The Weather Diaries: Stormy weather, robots and the will to create

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With my ritual of coffee and Sunday New York Times in full swing, I texted a photograph of a playful mention of robots to my dear friend Scott McCarney, brilliant visual book artist in Rochester New York who shares my quirky sense of humor that balances precariously with the reality of life and love of all things robot.  His response resonated with a quip “I think robot and space alien themes will be big this year”, in an oblique reference to the Presidential election outcome and our collective dismay.

Teju Cole sums up my feelings beautifully in his “On Photography” column of Taryn Simon’s recent photographs about how power works. He states:

“The shock of that morning’s election result was not mine alone. I lay in bed in grief and confusion. I was not merely ‘sad’. I was derailed. All of my work suddenly seemed pointless. It was so difficult for me to organize thoughts into language that I felt as if I’d had a stroke…The return of the ability to write felt like resistance,the reclamation of an insight: Even at the worst of times, there is nothing pointless about the work we do as critics or artists.”

04mag-04onphoto-t_CA0-master1050.jpgFrom the series Paperwork and the Will of Capital by photographer Taryn Simon 2016

Simon’s photographs seemed perfectly and poignantly funerary. Her powerful use of color paired with the utmost minimalism and simplicity of the backgrounds allow us to contemplate the flowers as metaphors of both beauty and mortality in the same fraction of a second.

Cole states “Powerful men (it is usually men) meet to sign some papers. Afterward, the world is not the same. And yet few of those whole lives are altered by whatever was signed could conceivably trace their circumstances to that event. All they know – all most of us know – is that there are powerful forces in the world that shape our day to day realities. Simon’s project brings the scattered light of those forces to clear point of attention.”

I am grateful for Cole’s insistence and clarity. Getting on with it, making art that matters, that touches lives, that reveals fundamental truths; Cole reminds me to just get on with it after weeks of paralysis.  Back to work despite predictions of stormy weather.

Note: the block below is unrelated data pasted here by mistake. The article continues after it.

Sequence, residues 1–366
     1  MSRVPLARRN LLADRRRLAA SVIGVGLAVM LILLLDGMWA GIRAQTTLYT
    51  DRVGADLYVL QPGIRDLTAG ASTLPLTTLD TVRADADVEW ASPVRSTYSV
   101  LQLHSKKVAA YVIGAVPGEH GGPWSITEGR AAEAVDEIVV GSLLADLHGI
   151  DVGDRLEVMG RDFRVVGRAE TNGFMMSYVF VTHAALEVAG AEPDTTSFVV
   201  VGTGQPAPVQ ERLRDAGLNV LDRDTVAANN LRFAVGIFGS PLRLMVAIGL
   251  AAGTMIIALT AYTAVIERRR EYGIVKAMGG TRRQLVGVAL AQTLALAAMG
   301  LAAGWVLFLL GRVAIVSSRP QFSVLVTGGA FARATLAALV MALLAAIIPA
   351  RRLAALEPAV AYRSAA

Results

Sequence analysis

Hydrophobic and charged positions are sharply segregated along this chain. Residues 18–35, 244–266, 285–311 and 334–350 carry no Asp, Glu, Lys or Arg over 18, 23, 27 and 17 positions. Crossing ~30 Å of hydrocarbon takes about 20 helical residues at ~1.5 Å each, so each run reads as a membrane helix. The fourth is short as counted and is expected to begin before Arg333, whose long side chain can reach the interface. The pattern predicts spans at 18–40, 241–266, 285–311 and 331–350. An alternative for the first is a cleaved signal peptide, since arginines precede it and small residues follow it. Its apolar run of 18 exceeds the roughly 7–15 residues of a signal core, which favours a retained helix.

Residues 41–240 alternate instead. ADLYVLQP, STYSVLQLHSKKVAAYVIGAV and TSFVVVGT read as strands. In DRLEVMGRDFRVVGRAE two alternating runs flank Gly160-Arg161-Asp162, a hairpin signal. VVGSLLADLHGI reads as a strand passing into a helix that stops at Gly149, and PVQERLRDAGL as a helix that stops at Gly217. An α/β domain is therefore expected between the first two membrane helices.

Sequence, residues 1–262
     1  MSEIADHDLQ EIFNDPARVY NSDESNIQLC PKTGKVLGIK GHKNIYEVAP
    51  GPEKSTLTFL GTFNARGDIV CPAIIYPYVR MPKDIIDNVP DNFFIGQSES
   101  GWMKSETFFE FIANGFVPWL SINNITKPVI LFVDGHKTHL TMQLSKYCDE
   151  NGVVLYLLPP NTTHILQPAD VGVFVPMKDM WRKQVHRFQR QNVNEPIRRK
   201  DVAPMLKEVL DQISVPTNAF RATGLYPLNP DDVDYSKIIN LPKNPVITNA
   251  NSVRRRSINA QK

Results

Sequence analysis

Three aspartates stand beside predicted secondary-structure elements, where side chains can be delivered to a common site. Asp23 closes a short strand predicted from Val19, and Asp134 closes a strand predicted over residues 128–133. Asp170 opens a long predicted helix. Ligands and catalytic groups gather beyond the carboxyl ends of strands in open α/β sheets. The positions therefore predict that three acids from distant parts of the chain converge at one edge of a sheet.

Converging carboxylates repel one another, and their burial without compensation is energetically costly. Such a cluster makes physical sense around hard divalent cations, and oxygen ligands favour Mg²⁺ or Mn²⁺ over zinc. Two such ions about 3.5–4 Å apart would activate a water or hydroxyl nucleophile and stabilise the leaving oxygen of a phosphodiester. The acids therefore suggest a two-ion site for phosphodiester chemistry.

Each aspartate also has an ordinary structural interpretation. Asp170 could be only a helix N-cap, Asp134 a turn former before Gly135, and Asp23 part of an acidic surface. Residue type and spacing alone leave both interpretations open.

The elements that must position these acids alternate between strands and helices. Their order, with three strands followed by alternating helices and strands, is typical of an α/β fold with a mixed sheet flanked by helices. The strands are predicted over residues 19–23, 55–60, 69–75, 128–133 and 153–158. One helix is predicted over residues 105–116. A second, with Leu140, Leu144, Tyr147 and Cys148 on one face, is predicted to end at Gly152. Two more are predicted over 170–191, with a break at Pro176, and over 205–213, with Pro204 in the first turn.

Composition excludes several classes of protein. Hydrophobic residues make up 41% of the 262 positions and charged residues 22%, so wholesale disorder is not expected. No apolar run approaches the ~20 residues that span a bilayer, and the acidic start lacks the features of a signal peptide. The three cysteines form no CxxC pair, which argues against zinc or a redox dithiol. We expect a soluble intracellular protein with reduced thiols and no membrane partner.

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Clouds of Uncertainty

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Much like weather systems that move around the globe, the ripple effects of the events of the past couple weeks will be felt around the world.

Most of the people in my everyday world – students, friends, colleagues, family, and professions working in the arts – I’ve been stunned and saddened by the events in the last few weeks. I don’t and can’t presume to know what and how the ripple effects of the election will play out, but I can  try to understand the ever widening impact will be touched by America’s choice to undo the check and balances that have historically defined our democracy.

James R. DeLisle writes “Hurricane Katrina forever changed the lives of individuals and the way we think about natural disasters. As the recovery efforts continue – 10 years post-Katrina – so do the debates over what went wrong, what went right, and what to do about it. These debates have several dimensions. First, there is the national security issue and what we need to do to improve our hazard-response systems. Second, there is the issue of how to deal with the people and businesses whose lives have been shattered or disrupted. Third is the question of what, where, when, and how we rebuild public and private infrastructure and facilities in the devastated regions. Finally, there is the debate over the question of how much this will cost, how it will be financed, and who will bear the costs.”

What is particularly numbing is when I contemplate the ripple effects that the choices that will be made in the next 4 years will wrought.

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